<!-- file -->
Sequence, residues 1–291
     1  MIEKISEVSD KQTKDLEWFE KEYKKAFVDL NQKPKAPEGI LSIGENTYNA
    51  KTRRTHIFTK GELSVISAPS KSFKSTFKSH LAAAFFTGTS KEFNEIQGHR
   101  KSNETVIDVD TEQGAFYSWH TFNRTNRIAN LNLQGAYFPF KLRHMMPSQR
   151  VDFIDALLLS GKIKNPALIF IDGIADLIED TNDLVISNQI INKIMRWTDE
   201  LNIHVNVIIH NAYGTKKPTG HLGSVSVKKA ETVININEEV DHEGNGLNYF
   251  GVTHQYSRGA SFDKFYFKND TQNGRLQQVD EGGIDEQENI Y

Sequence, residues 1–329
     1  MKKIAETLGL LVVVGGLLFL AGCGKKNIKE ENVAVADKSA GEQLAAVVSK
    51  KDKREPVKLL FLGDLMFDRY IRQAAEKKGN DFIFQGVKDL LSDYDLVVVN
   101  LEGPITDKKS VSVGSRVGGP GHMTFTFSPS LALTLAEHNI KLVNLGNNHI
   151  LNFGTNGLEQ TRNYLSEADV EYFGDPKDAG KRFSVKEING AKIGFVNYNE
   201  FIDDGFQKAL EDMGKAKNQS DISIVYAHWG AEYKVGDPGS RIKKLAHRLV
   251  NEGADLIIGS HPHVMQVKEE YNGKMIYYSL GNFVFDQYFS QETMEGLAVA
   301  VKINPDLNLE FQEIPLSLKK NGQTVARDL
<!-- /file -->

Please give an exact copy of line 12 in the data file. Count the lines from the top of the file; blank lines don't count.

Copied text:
   151  LNFGTNGLEQ TRNYLSEADV EYFGDPKDAG KRFSVKEING AKIGFVNYNE